Monday, January 9, 2012

Bridging the Rhetoric Gap on Sustainability

I start each day snooping.  Snooping for stories, information, and interesting cases of people making the connection between economic success and a sound ecology.  In my college years this was done at a place called a "library" (they still have those places too) with stacks of magazines, journals, and newspapers in front of me.  I recall one summer at SUNY Geneseo while I was taking summer classes, where each day started with a walk down to the library (after rolling out of bed by 10 a.m. or so) to soak up the latest news and information.

Not too much has changed so many years later to my routine... apart from the scope of information now available online all from my laptop on my kitchen table, oh, and my earlier wake-up time with two kids in the house (6:00 a.m.!).Weekly and daily e-newsletters, LinkedIn, blogs, tweets... these are the newspapers and journal of today.  The problem is that it's easy to get lost in this maze of information.  A click here or there and it's easy to get lost in the flotsam and jetsam of the information ocean that is the Internet.

For example, today after a few clicks from tweets to a tweet-generated daily paper to a website, I found myself on the "EPA Abuse" website reading this article and the comments from readers:

The reactions and topic got me thinking about language.  We use words to create meaning, a common meaning that we hope clearly communicates specific ideas, thoughts, feelings, etc.  The word "sustainable" for instance has taken on a new meaning for a segment of the population in the United States.  It just so happens this new  meaning, or really feeling, for this otherwise ubiquitous word is held by those who label themselves or could be labelled politically conservative.  The feeling is that this "sustainability agenda" also related to the United Nations  Agenda 21, is somehow linked to a plot for the UN to dominate the world in some new-world-order kinda way.  Somehow sustainability for some has become synonymous with The Book of Revelations and the rise of the Beast.  (I always thought that Biblical thinking of the 'end times' and the reactions by those who subscribe to this thinking to be a little backward.  If you think this is going to happen and lead to the second coming, wouldn't you want the Agenda 21 domino to fall triggering the chain of events that would lead to that Kirk Cameron-esque, Left Behind set of moments?  Why would you fight it?)

Now even I'm being a little simplistic on my portrayal of "Kill Agenda 21" movement and certainly the nature of this website and article.  But, I remain confused over some of the reactions.  As the article states, the European example, and likewise the EPA trend, is to include priorities such as: “climate change and clean energy; sustainable transport; sustainable consumption and production; conservation and management of natural resources; public health; social inclusion, demography, and migration; and global poverty and sustainable development challenges.”  OK.  So, the reaction is that this is outside the EPA's purview.  Maybe, maybe not, I don't want to go down that road, but just looking at those priorities, aren't they reasonable?  The problem is that it's government that's involved, I think.  Yet, there are a number of leaders in the private sector--leaders who like capitalism and like making money--who are on the sustainability bandwagon already.  So, it's most-likely a reaction to sovereignty and nationalism as much as anything.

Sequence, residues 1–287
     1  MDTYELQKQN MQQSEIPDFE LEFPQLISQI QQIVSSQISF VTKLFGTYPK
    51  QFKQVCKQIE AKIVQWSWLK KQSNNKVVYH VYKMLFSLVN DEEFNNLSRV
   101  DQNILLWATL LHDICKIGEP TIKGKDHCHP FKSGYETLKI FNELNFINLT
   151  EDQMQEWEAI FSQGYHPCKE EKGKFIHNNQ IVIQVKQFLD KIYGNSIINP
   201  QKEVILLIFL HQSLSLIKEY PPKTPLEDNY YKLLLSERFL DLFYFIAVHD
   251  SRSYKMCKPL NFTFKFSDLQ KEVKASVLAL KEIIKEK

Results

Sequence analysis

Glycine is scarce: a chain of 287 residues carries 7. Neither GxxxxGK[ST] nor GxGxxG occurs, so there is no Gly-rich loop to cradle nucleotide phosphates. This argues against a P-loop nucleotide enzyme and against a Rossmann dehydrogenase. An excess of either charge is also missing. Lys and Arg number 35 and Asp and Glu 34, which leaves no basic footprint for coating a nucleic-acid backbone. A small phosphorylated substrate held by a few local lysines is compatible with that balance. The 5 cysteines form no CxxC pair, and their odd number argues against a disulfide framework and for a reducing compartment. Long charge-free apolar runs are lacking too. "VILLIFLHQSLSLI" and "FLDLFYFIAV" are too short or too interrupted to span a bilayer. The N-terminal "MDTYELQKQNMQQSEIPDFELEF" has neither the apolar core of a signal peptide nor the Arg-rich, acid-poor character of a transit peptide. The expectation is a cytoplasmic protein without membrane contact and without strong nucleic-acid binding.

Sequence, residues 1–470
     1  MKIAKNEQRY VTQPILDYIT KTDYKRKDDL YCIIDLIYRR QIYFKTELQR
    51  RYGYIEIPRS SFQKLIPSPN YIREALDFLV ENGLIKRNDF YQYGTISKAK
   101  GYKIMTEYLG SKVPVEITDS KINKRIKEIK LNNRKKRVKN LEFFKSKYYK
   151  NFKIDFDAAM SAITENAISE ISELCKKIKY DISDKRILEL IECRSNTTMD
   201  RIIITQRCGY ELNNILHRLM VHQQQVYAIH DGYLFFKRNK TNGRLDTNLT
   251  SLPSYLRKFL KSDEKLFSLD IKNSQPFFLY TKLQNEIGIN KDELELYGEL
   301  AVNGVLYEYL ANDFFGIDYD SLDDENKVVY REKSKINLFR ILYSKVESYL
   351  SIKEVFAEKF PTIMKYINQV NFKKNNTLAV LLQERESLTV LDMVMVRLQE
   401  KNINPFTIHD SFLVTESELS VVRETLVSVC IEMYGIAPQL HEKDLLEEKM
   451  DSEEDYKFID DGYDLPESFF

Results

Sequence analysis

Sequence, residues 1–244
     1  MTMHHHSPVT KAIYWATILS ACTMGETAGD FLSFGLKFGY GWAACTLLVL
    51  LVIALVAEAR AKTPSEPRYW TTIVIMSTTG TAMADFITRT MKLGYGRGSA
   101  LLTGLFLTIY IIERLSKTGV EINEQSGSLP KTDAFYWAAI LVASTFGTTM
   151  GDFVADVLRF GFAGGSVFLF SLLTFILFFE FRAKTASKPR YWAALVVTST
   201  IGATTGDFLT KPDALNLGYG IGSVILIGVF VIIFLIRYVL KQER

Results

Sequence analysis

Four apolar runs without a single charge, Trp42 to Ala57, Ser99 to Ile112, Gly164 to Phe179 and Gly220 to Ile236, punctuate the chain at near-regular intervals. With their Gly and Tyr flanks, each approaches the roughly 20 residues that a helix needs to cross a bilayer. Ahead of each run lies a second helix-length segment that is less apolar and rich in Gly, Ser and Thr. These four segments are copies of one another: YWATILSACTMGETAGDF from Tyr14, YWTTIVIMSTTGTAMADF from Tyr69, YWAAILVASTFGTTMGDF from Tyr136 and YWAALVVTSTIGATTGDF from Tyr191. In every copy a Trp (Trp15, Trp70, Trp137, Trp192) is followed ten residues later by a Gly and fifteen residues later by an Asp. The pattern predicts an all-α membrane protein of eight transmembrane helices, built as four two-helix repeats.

It's also the words that are being used (or not used).  I don't think the word "sustainable" is as sustainable to use anymore.  It's been damaged, dinged, dented too often.  This and other buzzwords for our time, along with the speed and quantity of information availability and the ten-second news cycle, has forced many otherwise bright well-though people to boil things down to 140 characters.  The rhetoric on issues of sustainability is lost.  We're sound-biting each other in a rabid fashion.   There's no nuance or debate based on rationality and science... or the right words.  (Watch C-Span, it's true.)

No one is against a future that allows for continued used of natural resources for the betterment of humans in a way that does not exhaust those resources.  Everyone like clean air and water, safe food, spending less money on electricity or gas due to efficiency upgrades, etc.  Right?  The problem lies in gaining common ground on the state we're in, identification of problems, prioritization to solve those problems, and the tools to used to fix those problems.  You say it like that and there's no reason to be nasty towards each other.

I'm telling you, most everyone wants to same thing, the same future.  It's just that our words (and lack of them) keep getting in the way.


No comments:

Post a Comment